Copyright (c) 1996, Library Talk. All rights reserved.

From School Library Journal, November 1994
The hatching of a chick with only one wing, one leg, one eye, and half the usual number of feathers raises quite a stir on a colonial Mexican ranch. All of the attention encourages the vain Mediopollito, Half-Chicken (as he is called), to seek his fortune. He encounters, in turn, fire, water, and wind and assists each of them during the course of his trip, "to Mexico City to see the court of the viceroy!" In return, the elements come to the fowl's aid and Half-Chicken finds his rightful place in the scheme of things. The repetitive and predictable nature of the tale makes it an appropriate read-aloud choice. The translation retains the meaning and flavor of the original Spanish, which appears alongside the English on each double-page spread. The folksy and brightly colored illustrations, "inspired by patterns and texture of Mexican murals," provide lively and interesting visual information. While the characters are at times a bit caricatured, this title remains a good addition to folklore collections.

Copyright (c) 1994 School Library Journal. All rights reserved.

In the Classroom

Read aloud Mediopollito Half-Chicken. After the story, on a large piece of newsprint, create a story map of the tale-a graphic organization of events and ideas important in the unfolding of the story-with your students. This will help children to recognize the structure of a story. Elicit responses from your students and ask them questions while filling out the following elements on your story map: setting, characters, quest/problem, actions, and resolution. Ask your students to draw pictures to accompany each element on the story map.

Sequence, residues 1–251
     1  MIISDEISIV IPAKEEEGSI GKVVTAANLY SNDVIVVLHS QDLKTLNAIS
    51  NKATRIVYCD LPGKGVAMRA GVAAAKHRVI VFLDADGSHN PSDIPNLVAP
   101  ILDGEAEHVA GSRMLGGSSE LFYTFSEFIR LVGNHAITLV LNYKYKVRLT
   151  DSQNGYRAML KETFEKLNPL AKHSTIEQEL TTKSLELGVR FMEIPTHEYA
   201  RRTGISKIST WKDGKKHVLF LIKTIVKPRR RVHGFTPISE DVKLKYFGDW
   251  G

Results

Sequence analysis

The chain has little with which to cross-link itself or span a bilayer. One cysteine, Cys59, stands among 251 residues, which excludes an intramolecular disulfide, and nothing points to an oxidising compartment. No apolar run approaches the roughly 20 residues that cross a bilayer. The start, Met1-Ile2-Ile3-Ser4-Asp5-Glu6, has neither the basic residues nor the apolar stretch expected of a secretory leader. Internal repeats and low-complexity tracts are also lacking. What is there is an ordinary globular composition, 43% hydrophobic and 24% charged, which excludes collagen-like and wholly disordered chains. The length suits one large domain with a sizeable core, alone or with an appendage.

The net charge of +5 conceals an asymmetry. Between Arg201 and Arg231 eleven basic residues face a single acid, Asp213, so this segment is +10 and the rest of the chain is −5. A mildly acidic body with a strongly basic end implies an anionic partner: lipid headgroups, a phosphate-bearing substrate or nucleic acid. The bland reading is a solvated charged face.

A Selection of Other Latin American Folktales

The Rooster Who Went to His Uncle's Wedding
By Alma Flor Ada, illustrated by Kathleen Kuchera
A Whitebird Book, G. P. Putnam's Sons, ages 4-8
In this cumulative folktale from Latin America, a rooster muddies his shiny beak and no one-not the grass, the stick, nor the dog-will help him clean it, that is, until the sun decides to help and sets off a sequence of events.

Borreguita and the Coyote
By Verna Aardema, illustrated by Petra Mathers
Alfred A. Knopf, ages 4-8
In this trickster tale from Ayutla, Mexico, Borreguita, a clever, little lamb, eludes a hungry wolf through a series of resourceful tricks, and sends him running far away.

The Woman Who Outshone the Sun
Based on a poem by Alejandro Cruz Martinez, pictures by Fernando Olivera Children's Book Press, ages 4-8
In this retelling of the Zapotec legend of Lucia Zenteno, a beautiful woman is driven from a village by suspicious townspeople because she is different. But when their fertile river follows her in her long flowing hair, they beg her to return and learn to accept her as one of them.